Unlike NASA’s X-37 Spacecraft, China Says Its Spaceplanes Will Use Commercial Airports For Inter-Planetary Missions

China is making significant strides in the field of space technology, which has been traditionally dominated by the United States and Russia. It seeks to match and outpace the American hegemony in space that has become evident with the communist country launching its own space station and carrying out “unprecedented” tests.

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China is now on its way to launching spaceplanes like regular commercial planes. According to a Chinese military publication, China’s space travel technology has evolved beyond that of the US, as it can now launch space-planes without rocket fuel, South China Morning Post reported.

It means that space-planes won’t need typical launch sites and will be able to take off and land at airports, saving money but raising concerns about space militarization.

China-Tengyun spaceplane
A model of China’s Tengyun spaceplane at the Zhuhai Airshow 2021. (via Twitter)

The spaceplane called Tengyun will reportedly have a horizontal take-off and horizontal landing (HTHL) mechanism. According to the military journal Naval and Merchant Ships, this provides it an advantage over the US version, the X-37B Orbital Test Vehicle (OTV), which is rocket-launched.

The X-37B Orbital Test Vehicle (OTV) is the newest and most advanced re-entry spacecraft in the American fleet. The unmanned OTV, which is based on NASA’s X-37 design, is intended for vertical launch to low Earth orbit levels where it can conduct long-term space technology research and testing.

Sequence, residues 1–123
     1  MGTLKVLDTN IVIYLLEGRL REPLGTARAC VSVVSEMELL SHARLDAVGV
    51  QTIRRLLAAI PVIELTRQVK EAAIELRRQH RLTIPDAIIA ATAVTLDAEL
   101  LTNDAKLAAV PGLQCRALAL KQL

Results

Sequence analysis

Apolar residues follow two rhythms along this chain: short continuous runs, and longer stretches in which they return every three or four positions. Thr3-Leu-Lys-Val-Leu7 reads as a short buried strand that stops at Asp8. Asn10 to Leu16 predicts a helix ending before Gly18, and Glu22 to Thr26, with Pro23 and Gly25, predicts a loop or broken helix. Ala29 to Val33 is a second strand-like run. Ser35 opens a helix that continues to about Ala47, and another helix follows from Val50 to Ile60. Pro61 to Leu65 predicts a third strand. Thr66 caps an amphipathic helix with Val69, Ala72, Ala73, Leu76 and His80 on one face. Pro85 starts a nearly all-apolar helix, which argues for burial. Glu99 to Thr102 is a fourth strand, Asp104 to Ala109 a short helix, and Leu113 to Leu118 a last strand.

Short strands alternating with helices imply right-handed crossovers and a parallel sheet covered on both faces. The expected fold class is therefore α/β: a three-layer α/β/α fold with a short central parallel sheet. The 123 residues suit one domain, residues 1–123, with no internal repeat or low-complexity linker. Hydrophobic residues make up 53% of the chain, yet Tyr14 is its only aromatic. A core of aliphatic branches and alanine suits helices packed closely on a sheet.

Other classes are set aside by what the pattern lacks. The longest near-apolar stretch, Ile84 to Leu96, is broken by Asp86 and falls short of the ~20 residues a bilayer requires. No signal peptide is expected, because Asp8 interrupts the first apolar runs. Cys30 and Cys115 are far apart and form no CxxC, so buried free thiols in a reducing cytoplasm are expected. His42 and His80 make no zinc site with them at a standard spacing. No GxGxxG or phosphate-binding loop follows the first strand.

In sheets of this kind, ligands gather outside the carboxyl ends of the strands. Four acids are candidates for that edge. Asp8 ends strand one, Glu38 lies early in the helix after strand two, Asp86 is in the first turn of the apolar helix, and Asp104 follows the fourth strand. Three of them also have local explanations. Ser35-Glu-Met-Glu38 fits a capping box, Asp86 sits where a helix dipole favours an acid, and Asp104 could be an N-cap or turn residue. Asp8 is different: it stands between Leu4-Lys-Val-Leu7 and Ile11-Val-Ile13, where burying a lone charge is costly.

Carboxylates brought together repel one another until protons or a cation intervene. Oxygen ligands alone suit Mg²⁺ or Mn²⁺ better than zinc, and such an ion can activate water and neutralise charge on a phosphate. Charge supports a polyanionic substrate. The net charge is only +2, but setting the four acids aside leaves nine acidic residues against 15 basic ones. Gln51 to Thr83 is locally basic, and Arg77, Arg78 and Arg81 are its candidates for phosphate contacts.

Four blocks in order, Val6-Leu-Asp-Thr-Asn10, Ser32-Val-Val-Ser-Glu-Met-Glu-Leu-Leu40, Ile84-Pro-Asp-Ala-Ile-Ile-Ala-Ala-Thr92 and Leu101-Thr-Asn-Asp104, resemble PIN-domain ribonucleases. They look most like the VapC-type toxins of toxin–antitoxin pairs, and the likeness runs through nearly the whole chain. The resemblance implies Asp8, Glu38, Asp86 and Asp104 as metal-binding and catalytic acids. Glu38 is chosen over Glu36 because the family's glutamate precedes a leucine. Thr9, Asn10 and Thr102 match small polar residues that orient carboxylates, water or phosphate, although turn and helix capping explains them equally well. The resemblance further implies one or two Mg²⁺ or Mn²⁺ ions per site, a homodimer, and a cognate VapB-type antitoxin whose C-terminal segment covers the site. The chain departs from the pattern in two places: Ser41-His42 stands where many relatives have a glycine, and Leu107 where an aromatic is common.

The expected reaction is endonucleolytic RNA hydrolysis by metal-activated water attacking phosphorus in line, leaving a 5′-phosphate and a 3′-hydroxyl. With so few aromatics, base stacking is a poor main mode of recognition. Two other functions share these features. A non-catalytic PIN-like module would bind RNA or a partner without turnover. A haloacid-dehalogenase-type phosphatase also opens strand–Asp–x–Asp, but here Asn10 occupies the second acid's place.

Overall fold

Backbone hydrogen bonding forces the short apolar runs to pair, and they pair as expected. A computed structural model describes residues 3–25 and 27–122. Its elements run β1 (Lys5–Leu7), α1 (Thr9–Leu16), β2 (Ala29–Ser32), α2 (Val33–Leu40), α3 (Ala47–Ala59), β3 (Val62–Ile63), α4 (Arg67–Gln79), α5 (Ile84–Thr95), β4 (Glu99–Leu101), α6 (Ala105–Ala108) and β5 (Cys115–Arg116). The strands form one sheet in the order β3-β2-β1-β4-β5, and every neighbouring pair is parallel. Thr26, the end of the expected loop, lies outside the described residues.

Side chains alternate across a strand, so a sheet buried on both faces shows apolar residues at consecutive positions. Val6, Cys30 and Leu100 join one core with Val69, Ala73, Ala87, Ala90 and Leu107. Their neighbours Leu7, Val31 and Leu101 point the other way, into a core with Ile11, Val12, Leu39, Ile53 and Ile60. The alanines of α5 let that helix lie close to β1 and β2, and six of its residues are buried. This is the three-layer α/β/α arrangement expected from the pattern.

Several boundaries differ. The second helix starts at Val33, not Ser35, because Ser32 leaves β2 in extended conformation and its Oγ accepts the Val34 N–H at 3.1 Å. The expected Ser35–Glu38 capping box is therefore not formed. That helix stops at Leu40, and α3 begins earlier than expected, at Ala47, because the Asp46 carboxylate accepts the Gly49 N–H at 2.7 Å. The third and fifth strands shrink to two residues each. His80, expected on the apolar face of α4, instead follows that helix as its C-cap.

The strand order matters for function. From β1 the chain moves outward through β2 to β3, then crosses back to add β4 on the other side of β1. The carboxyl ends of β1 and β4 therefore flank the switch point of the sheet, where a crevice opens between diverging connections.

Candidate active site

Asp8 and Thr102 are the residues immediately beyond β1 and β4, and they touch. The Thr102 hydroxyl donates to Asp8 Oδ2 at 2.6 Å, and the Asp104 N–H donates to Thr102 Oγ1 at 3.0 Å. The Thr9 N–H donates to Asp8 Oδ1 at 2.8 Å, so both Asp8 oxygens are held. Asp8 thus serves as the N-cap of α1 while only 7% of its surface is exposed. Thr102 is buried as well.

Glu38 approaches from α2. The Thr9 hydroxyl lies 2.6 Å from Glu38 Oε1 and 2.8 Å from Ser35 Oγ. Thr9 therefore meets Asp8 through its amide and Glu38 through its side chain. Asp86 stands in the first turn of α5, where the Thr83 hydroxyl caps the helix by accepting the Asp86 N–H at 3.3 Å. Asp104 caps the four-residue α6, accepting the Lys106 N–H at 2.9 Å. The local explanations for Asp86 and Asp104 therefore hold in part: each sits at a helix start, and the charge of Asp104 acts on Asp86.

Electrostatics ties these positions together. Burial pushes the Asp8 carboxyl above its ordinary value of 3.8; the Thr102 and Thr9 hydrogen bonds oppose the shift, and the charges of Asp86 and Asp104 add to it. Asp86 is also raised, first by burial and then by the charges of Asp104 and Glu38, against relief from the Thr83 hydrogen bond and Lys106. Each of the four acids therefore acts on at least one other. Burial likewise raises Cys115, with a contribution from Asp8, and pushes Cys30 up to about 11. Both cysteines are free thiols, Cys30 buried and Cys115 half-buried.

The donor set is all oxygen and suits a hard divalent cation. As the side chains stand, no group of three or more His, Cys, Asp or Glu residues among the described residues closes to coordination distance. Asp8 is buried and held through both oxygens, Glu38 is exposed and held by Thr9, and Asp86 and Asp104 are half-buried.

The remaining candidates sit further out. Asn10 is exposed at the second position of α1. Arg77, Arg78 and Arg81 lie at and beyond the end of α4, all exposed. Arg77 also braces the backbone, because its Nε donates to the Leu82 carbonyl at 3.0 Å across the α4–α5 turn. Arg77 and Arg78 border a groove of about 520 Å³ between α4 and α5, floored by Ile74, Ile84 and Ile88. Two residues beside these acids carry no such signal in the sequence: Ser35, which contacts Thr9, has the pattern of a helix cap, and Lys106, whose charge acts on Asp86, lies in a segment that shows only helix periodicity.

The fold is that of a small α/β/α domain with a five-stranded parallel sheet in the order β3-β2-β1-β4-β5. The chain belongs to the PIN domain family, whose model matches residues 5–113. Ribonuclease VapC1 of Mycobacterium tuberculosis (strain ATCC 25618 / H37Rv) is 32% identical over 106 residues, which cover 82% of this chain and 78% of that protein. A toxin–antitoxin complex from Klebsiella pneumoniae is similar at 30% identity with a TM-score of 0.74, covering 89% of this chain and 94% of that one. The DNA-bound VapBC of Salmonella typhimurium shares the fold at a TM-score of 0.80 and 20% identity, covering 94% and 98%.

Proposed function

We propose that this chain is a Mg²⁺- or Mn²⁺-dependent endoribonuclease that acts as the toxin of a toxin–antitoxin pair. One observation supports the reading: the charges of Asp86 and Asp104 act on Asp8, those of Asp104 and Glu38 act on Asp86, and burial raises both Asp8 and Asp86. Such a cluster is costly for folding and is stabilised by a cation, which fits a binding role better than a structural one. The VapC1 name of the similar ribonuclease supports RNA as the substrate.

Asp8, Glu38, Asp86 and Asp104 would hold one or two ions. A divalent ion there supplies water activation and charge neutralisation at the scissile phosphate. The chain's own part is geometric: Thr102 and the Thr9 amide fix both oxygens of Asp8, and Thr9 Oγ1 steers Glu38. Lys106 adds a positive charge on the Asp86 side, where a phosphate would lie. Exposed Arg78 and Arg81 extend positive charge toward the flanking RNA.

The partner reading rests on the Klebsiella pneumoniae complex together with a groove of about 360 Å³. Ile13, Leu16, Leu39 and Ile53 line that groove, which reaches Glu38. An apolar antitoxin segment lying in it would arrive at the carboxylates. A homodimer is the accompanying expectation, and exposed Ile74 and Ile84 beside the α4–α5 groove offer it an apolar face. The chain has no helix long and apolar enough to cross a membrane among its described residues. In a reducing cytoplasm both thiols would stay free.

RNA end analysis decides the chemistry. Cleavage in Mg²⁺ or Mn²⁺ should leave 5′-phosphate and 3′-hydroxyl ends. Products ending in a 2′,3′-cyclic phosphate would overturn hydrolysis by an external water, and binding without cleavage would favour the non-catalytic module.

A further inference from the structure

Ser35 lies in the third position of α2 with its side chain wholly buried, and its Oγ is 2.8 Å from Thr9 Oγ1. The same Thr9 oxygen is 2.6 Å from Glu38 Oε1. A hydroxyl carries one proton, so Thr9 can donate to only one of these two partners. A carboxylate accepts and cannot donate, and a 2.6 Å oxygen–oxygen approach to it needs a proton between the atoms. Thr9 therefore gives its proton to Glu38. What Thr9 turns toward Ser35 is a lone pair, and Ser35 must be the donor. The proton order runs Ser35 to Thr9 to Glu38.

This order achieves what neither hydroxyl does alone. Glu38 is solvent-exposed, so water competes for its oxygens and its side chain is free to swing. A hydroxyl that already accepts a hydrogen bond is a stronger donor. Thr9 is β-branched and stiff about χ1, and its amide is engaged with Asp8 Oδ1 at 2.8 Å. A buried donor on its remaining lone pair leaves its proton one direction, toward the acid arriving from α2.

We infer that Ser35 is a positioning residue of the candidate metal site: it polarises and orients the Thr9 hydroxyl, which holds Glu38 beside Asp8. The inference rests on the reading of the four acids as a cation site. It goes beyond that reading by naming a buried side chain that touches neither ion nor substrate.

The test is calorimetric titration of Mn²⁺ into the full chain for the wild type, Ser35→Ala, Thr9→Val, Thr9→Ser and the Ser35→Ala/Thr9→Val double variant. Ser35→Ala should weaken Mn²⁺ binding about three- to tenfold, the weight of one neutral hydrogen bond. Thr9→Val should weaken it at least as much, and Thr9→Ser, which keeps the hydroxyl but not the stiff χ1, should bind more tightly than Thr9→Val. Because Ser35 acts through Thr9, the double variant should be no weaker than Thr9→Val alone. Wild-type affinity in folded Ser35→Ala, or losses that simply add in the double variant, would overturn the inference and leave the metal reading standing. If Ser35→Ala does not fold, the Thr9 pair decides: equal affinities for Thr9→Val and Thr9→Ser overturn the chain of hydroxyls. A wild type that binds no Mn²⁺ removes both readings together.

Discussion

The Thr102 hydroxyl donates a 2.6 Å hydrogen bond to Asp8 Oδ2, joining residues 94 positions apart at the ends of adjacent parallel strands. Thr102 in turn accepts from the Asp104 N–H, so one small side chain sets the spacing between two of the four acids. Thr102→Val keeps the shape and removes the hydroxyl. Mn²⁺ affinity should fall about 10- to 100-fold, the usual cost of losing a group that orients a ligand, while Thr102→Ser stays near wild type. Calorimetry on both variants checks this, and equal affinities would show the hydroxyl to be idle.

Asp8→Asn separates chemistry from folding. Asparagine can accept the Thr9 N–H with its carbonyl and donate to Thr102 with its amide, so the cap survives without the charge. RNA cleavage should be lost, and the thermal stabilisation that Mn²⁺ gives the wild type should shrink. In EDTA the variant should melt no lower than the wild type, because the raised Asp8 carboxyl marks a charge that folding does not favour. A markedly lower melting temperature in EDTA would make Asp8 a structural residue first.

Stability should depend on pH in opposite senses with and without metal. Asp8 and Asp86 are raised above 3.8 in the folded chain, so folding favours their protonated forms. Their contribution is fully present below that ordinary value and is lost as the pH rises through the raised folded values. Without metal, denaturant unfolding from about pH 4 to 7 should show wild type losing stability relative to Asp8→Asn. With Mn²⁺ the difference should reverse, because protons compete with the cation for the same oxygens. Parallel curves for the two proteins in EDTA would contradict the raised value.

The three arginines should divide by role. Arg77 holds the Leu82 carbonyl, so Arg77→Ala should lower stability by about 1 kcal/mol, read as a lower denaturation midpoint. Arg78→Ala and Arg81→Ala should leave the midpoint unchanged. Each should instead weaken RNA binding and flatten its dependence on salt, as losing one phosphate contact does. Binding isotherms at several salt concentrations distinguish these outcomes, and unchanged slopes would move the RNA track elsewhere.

The OTV re-enters the atmosphere, descends, and lands horizontally on a runway on command from the ground.

Boeing X-37 (via Wikipedia)

The X-37B OTV is an experimental test program for the US Air Force to showcase technology for a dependable, reusable, unmanned space test platform.

China’s Tengyun is believed to be China’s answer to the American OTV as well as its own ambition at possessing the technology that allows it to carry out cheaper space missions and send satellites as frequently as it would like, by using the same vehicle.

Potential Game-Changer ‘Tengyun’

On December 12, the magazine’s Chinese social media channels broadcast a video clip of its editors debating US Control in Space and the Tengyun space-plane project, as reported by the SCMP.

“The American X-37B inspired Chinese space-plane technology, but the American OTV still requires rocket launch, whereas China has now eliminated this barrier,” magazine editor-in-chief Su Ming stated in a video.

China’s Tengyun spaceplane. (via Twitter)

In July, Tengyun’s developer, the state-owned China Aerospace Science and Technology Corporation (CASC), flew it for the first time. Instead of a rocket, it was launched into suborbital space by a mother ship. This is a feat that hasn’t been achieved by the US Space Force, a separate military wing launched by the Trump administration.